Step 6: Submit Only when the Book is Ready

I sent the full book to Rowan and initial submissions to three other agents. Two of them requested a full. Ten days later, an email from Rowan arrived. I read the last line first, but there was no brush off. Rowan wanted to meet me and talk about representation. My hands were shaking, and I said, ‘Oh my God!’ quite a lot. It was a blurry-headed moment. A few days later in a cafe close to the Furniss Lawton offices in central London, I met up with Rowan. She gave me some more editorial suggestions for my book then talked about her high hopes for it.

I’m realistic; I know this is just the beginning, but all those late nights and early mornings, all that rejection, well, it was worth it. Because finally I’ve found an agent who believes in me and my work. So please keep writing – because those dreadful down days really can lead to something good.

UPDATE – My debut novel The Maid’s Room was published in hardback in November 2017 by Hodder & Stoughton. The paperback will be published on 19 April 2018.

The Weekend Read – A Short Story

 

In the first week of December 2015, my story The Colour of Mud was featured as The Weekend Read on the For Books’ Sake website which champions women’s writing. It was originally published in the Bristol Short Story Prize Anthology Volume 7. Lots of people got in touch to say how much they enjoyed reading it online – and that’s always an energy boost.

Read the opening paragraphs below. The rest of the story is available for 99p on Kindle for a limited time only. Buy it here.

Submit your short stories to For Books’ Sake here.

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The Colour of Mud

I am never gonna be clean, even though I wipe myself down seventeen times a night. It’s the mud, see.

I pull my scarf around my face and jump puddles alongside the wall of trucks, grey ones, black ones, all blanketed by the dirt.

There are three men playing poker at a table they’ve set up in the middle of the drag. A standing man, his leg bent up on a chair, blows a tuneless harmonica. A jar on a table beside him is scabbed with ash.

I step forward and the mud sucks my leg down knee-deep. I grunt and slurp it out.

The lights of a bar flash on and off: The Good Times Saloon, the scaffolding on the roof a kind of skeleton. An open kitchen fogs oil and fried plantain. Further up the drag, the cooking mixes with the night stench. Petrol, tobacco, skin slicked in sweat.

There are echoes of laughter and the underfoot beat from a song on the radio.

I pass an island of scorched grass and stare down searching for remarkable signs of green. There’s no such thing as colour in this non-existent town. It’s not on no map, but the truckers know just where it is, halfway along the Western stretch of the Nakuru-Eldoret highway.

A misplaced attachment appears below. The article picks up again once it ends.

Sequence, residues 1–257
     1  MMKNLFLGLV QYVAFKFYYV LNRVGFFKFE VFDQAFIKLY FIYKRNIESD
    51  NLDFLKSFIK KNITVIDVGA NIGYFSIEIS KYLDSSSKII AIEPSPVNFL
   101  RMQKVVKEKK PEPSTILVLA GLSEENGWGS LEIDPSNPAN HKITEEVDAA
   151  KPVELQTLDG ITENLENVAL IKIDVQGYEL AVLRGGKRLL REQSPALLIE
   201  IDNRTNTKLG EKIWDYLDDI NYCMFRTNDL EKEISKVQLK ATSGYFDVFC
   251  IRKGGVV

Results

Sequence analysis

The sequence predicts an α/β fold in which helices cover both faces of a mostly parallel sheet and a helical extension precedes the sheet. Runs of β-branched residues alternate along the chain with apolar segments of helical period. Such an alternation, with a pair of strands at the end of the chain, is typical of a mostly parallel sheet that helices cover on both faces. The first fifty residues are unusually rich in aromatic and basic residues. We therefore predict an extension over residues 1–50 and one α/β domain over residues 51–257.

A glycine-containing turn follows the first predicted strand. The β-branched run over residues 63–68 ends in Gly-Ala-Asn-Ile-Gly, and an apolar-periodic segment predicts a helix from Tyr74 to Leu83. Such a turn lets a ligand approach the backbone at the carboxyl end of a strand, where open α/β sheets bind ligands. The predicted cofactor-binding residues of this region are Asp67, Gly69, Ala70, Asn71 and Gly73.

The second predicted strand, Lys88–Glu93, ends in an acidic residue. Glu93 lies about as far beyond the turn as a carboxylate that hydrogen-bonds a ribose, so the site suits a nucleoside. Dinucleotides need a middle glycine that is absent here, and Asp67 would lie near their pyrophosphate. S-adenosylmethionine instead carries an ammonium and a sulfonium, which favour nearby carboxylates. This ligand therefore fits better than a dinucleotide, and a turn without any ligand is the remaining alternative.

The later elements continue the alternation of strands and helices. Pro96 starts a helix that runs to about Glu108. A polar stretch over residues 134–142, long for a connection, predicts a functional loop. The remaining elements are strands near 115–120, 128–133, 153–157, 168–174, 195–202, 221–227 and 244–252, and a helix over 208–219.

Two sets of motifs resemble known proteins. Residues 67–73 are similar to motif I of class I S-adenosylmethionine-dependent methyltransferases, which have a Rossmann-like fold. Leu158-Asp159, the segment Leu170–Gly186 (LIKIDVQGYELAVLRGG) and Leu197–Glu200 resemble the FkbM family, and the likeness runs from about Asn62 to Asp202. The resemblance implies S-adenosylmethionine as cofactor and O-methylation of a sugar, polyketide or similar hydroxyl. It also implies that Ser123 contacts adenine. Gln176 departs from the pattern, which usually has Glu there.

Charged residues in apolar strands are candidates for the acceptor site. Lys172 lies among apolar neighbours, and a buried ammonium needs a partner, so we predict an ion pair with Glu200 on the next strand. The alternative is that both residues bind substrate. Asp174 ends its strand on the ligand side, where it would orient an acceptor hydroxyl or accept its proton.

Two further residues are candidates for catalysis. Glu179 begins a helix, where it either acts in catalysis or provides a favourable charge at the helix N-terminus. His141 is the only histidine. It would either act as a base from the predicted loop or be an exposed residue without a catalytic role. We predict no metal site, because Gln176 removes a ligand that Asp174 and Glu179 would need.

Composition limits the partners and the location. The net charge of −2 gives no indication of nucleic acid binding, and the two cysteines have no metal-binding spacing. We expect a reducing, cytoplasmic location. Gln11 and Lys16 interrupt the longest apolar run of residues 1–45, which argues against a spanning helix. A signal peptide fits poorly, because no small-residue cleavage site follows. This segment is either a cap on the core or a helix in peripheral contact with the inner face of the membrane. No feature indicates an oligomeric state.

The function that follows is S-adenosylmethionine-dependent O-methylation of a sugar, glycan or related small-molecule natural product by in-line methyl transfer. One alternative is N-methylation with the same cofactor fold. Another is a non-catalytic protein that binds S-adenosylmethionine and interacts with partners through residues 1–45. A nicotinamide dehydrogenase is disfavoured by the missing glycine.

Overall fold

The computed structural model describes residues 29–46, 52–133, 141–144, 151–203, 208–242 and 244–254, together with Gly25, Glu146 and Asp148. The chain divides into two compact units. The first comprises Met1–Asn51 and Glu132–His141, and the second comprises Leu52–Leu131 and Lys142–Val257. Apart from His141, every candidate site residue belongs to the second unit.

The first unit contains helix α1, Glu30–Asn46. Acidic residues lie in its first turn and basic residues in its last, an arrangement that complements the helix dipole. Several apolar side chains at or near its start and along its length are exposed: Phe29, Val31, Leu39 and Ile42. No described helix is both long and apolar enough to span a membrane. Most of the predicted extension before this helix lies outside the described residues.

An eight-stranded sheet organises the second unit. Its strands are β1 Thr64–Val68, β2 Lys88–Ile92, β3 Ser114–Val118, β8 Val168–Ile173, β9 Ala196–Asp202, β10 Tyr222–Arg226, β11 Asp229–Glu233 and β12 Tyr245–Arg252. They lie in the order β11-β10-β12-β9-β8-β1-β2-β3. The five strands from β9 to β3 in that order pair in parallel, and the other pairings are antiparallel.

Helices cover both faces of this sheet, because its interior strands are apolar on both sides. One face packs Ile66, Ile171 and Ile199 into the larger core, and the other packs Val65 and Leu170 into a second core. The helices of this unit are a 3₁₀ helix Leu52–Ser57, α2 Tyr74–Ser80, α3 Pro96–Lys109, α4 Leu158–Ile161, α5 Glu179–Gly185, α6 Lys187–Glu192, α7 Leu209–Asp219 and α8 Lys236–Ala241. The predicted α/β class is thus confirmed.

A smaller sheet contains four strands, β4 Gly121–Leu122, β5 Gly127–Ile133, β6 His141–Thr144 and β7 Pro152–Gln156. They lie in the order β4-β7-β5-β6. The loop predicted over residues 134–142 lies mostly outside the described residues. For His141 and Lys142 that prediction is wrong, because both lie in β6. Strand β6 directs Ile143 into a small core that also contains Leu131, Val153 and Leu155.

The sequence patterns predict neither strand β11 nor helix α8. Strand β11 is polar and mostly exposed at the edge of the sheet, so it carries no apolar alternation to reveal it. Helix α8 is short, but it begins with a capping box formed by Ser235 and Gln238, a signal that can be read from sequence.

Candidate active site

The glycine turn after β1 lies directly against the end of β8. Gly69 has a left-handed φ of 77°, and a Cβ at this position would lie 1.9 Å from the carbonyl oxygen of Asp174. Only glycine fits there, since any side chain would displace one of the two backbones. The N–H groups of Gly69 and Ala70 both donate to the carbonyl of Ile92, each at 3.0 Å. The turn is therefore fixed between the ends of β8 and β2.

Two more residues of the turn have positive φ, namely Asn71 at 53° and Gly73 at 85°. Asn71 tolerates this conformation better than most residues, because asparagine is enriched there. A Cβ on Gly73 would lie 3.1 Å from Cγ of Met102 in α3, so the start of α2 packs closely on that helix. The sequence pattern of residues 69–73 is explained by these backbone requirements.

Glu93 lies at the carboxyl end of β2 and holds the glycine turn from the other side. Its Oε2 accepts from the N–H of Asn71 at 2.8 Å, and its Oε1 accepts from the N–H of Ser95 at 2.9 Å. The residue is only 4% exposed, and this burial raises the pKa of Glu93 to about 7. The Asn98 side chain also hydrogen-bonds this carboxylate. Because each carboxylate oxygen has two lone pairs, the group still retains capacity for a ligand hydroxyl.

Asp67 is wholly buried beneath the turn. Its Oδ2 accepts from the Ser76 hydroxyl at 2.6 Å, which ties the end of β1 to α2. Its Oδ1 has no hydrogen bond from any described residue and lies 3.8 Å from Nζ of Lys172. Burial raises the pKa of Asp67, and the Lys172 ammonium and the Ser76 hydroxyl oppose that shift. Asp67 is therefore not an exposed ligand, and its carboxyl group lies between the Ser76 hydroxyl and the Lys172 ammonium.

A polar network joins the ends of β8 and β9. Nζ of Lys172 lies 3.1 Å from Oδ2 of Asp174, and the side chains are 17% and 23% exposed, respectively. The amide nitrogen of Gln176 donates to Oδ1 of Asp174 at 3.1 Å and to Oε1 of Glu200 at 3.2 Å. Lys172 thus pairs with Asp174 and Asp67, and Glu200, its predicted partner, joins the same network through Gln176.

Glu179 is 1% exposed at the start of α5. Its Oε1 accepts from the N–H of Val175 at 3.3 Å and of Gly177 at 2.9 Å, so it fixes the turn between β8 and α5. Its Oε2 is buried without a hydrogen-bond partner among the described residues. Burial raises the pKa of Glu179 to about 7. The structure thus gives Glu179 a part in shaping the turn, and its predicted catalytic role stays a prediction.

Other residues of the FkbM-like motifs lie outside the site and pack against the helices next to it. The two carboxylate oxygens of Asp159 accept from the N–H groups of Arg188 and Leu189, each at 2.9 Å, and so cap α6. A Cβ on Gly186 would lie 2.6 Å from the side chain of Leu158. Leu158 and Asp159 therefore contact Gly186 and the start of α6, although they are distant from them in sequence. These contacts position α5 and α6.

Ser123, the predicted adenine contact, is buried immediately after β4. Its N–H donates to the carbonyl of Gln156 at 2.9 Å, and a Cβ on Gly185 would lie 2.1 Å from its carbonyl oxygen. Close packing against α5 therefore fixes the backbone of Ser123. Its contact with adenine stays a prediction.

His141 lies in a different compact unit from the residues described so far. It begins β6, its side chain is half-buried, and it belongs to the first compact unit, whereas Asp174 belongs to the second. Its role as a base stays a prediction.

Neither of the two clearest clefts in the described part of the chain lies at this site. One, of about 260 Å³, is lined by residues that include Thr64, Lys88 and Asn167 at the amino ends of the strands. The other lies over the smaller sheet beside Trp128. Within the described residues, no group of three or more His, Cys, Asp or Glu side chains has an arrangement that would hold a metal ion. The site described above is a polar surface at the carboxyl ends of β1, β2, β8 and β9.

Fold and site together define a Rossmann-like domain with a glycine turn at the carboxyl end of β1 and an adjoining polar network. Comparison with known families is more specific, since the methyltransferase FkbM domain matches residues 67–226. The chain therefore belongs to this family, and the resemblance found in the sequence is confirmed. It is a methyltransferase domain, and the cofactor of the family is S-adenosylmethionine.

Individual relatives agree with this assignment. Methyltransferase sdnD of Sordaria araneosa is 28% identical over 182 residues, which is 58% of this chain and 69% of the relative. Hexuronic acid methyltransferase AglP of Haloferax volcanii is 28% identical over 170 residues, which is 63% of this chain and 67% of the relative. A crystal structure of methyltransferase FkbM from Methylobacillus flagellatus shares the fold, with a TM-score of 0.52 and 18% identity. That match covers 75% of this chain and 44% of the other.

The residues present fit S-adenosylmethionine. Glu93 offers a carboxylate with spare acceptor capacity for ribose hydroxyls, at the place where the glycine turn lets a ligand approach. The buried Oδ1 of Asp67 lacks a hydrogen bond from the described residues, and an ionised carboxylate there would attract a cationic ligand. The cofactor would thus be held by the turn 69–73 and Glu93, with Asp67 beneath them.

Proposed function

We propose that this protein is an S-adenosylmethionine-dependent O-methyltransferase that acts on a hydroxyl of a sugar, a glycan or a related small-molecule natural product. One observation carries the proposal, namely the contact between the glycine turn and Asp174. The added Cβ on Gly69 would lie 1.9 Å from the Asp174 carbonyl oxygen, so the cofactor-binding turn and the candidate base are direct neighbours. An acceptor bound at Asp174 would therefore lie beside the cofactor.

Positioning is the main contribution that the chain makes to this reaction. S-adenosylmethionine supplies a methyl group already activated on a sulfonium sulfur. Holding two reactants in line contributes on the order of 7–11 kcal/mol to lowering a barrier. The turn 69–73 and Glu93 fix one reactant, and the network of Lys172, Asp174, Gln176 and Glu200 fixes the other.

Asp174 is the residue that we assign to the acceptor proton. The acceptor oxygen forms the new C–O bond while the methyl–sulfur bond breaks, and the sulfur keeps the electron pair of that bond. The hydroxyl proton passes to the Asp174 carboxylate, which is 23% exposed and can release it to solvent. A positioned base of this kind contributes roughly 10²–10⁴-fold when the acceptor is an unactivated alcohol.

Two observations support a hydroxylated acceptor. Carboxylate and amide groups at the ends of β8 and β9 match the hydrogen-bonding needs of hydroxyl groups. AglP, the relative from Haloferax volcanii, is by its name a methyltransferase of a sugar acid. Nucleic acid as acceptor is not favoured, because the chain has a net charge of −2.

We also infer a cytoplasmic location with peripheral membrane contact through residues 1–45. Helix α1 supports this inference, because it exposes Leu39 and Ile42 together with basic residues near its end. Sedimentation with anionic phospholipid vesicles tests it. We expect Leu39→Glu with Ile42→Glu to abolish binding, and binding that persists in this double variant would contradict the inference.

Bristol Short Story Prize Awards Ceremony – The Lowdown

It was my second time at the Bristol Short Story Prize awards ceremony last night. I was hopeful; I was in with a chance after all, among 20 other writers chosen from almost 2,500 entries.

There they were, faces I recognized from last year, organiser Joe Melia, judges Sara Davies and Sanjida O’Connell, and wasn’t that 2013 winner Paul McMichael over there? He’d made the shortlist again. I made a beeline for him and we began laughing in a slightly hysterical, scared kind of way. Still the fear was nothing on last year when – gulp – I could barely speak my mouth was that dry.

Bristol Short Story Prize Writers and Judges

Bristol Short Story Prize Writers and Judges

Us shortlistees sat in the front row in the glass-topped Reading Room at Bristol Central Library. And judge Sara Davies read out the names of the runners-up. Mine was among them.

I hadn’t won.

But so what – my story is in a book again – words that I’ve fussed over, changed and rearranged. A story that the early readers and the judges must have connected with somehow. It gets a mention in Sara Davies’ foreword.

‘We all liked….the restrained and powerful exploration of an illegal immigrant’s emotional trauma at the heart of Black Lines,’ she writes.

It was a good feeling reading that. I hope other readers connect with my story too.

BSSP photo

Anthologies galore….

Massive congratulations to Brent van Staalduinen whose story A Week on the Water won first prize, and to the other prizewinners too.

After the ceremony, I spoke to the other shortlisted writers, smiles stretched across their faces, bags bulging with anthologies. (They make very good Christmas presents, let me tell you.) Wine was drunk, woes were shared and successes were well and truly celebrated. I even signed a few books.

It was great to bend Joe Melia’s ear again. His encouragement last year helped steer me through a bout of writing self-doubt. When that strikes again, all I need to do is open up my brand new anthology and remind myself of the rewards for not being a quitter.

Joe also told me that no one in the history of the Bristol Short Story Prize has ever managed a hat trick, so maybe, just maybe I’ll throw my hat into the ring again next year.

https://www.bristolprize.co.uk/shop/

What it’s like to Win a Writing Competition

I started the year with a writing wish list. There were just two things on it: Win a writing competition and find a literary agent to represent my work.